Uncovering the Secrets of Contact Marketing
It’s a common frustration in business: You want to meet a big prospect, for example, a VIP, or a high-level executive. But how do you get past the obstacles in your path? According to Stu Heinecke, getting your foot in the door, and then creating a relationship starts with a strategy based on what he calls “Contact Marketing.”
He’s had some impressive experience in the field. As a cartoonist for The Wall Street Journal (and a DMA Hall of Fame nominee), Heinecke has used his cartoons for years to successfully introduce his services to a variety of clients. He shares the insights he’s learned in his new book, “How To Get A Meeting With Anyone: The Untapped Selling Power of Contact Marketing.”
The focus of this micro-marketing is on a very select, small amount of prospects, for either in-person selling, or building alliances. No broad audience messaging, no contests, no list juggling, no reply cards or landing pages.
I could talk about the incredible metrics — 100 percent response rates, ROI in thousands of percent — that Heinecke has achieved with his campaigns.
But I won’t. He covers that very well in his book, as well as various methods he and others have developed for breaking through barriers to reach their target audience of one.
Instead I want to look at one tactic in the toolbox that Heinecke regards as essential to the process: the contact letter.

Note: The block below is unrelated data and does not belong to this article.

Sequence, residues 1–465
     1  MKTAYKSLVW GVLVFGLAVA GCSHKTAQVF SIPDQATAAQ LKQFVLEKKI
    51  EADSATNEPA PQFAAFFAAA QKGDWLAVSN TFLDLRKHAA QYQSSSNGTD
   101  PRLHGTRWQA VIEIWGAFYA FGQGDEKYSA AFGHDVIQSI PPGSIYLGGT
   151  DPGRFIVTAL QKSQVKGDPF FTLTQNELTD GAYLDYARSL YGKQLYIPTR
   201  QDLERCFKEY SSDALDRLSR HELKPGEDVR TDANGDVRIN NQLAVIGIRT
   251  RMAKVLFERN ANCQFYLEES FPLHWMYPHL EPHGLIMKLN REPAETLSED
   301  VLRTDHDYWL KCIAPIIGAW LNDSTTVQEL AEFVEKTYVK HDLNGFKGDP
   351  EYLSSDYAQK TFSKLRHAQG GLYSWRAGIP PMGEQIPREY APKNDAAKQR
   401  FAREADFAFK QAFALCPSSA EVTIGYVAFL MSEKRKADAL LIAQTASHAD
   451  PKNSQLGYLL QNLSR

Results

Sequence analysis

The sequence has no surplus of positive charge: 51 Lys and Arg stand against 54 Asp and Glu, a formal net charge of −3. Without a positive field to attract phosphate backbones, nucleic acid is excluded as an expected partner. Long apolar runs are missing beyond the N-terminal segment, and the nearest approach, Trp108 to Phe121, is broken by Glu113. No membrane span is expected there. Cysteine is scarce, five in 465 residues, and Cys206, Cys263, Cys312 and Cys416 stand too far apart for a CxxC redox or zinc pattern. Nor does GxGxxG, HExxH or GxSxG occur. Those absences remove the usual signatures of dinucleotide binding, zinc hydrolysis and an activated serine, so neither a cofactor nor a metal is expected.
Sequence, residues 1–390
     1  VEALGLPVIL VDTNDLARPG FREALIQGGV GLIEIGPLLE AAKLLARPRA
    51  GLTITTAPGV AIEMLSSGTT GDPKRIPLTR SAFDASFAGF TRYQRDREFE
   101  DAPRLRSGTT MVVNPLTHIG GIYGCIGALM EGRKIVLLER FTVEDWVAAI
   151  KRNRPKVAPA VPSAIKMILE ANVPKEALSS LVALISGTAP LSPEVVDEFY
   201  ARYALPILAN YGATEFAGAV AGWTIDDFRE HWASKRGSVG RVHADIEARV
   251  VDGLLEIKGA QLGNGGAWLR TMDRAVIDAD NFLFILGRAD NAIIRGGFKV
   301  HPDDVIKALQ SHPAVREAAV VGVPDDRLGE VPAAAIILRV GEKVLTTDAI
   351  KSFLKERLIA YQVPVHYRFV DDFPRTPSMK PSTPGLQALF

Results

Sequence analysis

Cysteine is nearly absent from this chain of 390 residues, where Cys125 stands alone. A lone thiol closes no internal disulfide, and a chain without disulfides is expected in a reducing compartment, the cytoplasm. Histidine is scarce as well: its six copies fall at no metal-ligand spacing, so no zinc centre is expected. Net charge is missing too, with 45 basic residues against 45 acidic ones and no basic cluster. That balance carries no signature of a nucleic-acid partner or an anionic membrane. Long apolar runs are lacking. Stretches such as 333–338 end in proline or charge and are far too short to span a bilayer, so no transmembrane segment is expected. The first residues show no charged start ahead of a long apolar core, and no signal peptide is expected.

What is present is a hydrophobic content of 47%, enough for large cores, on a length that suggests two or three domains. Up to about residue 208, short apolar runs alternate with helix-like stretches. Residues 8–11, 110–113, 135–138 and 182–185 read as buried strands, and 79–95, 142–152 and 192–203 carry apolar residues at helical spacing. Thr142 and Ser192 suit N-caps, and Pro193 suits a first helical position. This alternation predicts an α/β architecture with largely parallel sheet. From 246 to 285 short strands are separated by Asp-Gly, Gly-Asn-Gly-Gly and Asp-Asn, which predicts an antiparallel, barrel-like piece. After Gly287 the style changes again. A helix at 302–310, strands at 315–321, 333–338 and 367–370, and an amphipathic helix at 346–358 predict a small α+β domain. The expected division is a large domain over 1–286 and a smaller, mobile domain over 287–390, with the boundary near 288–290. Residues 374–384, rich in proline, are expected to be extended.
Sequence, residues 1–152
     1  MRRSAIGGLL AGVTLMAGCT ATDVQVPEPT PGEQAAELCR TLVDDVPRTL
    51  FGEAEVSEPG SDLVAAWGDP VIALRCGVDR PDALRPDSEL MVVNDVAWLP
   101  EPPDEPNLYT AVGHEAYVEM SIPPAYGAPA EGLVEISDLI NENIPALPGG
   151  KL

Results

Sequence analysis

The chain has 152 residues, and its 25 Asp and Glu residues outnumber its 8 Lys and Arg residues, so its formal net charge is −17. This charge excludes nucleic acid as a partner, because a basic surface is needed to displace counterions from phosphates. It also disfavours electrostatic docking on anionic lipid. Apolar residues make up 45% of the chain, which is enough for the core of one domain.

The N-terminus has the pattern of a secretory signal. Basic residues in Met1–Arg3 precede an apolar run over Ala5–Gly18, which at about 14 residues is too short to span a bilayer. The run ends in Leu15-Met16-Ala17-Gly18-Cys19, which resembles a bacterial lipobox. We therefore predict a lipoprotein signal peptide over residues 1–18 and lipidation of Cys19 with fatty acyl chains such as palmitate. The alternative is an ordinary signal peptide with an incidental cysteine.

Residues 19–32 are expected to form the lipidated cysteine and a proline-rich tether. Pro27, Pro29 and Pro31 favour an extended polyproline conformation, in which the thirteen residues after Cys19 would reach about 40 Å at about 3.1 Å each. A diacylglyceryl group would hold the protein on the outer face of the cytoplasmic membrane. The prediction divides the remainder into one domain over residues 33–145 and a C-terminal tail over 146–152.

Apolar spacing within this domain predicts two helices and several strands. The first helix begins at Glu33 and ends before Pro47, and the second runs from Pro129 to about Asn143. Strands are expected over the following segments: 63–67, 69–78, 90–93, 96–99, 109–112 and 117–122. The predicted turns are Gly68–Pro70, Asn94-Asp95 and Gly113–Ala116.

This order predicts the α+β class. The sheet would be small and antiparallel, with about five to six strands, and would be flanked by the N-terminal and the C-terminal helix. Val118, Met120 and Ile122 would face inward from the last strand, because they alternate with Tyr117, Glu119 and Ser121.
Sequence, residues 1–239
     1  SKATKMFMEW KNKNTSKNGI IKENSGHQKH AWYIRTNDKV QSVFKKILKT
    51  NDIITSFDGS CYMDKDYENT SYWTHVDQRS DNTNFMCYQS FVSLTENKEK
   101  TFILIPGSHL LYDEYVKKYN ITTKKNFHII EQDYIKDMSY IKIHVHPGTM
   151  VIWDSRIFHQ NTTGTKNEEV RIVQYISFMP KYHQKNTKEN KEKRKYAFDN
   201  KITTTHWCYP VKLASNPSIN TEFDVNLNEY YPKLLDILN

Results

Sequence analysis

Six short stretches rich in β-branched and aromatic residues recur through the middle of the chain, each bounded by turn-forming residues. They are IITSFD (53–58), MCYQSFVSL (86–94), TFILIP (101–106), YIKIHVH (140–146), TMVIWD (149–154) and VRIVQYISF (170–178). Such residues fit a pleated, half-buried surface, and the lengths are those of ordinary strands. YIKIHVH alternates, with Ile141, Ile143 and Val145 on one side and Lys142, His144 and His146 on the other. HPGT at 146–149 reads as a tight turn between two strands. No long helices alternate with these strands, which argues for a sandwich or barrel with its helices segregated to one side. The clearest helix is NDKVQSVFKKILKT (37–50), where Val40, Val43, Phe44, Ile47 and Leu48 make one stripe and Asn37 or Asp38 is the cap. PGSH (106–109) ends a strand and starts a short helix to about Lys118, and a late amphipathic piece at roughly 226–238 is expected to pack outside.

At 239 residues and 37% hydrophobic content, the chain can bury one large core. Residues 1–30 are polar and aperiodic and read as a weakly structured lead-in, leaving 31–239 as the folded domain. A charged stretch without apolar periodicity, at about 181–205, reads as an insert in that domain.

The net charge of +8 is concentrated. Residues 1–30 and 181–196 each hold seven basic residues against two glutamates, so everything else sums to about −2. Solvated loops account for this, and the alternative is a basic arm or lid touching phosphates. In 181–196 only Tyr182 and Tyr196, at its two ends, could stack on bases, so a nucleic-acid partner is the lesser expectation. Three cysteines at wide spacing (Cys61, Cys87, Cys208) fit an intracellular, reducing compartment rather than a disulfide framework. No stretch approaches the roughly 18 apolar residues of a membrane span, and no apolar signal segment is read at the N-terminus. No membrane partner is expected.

His advice on what to include, he says, is “from a perspective honed through hard-fought lessons learned over a 20-year span, as someone who has produced countless record-breaking, control-busting campaigns.”
I get this. As the curator of Who’s Mailing What!, I’ve read a lot of powerful, effective letters over the years. Letters that resulted in millions, even billions of dollars spent, or raised, that were or are long-term direct mail controls.
A great letter, Heinecke states, starts with a hook that gets the prospect’s attention while also engaging them with an immediate point of agreement on an issue that should be addressed. This is where his cartoons work so well, especially when personalized.
Next, the letter should include a value statement, “confined to as few words as possible,” Heinecke says, on how you can solve the prospect’s problem.
Then, a “hold-back” device, or premium of high value, can be offered in exchange for the chance to discuss the opportunity at a meeting. Bring that gift to the meeting. Don't worry — he offers lots of resources to find the right one.
The last paragraph should ask the recipient to take the call, and also be succinct in this task as well.
Your signature should include elements that enhance your standing or VIP profile, to put you on the level of your C-level target. Again, Heinecke helps out with an entire chapter on how to make over your status.
Besides using a P.S. to quickly restate the reason for the meeting request, Heinecke’s last recommendation for the letter is crucial: use a jargon-free, conversational tone to establish an emotional connection with the prospect.
This is in line with the whole objective of the book: to use honesty and openness to begin new relationships on a human level and provide real, ongoing value to the prospect while producing impressive sales and partnerships.